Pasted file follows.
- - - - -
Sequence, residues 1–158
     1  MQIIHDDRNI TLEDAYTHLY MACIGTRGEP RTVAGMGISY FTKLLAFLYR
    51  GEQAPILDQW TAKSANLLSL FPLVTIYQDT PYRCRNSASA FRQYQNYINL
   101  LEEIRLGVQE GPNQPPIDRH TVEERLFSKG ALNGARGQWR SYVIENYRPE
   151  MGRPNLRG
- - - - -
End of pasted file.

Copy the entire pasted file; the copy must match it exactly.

Sequence, residues 1–158
     1  MQIIHDDRNI TLEDAYTHLY MACIGTRGEP RTVAGMGISY FTKLLAFLYR
    51  GEQAPILDQW TAKSANLLSL FPLVTIYQDT PYRCRNSASA FRQYQNYINL
   101  LEEIRLGVQE GPNQPPIDRH TVEERLFSKG ALNGARGQWR SYVIENYRPE
   151  MGRPNLRG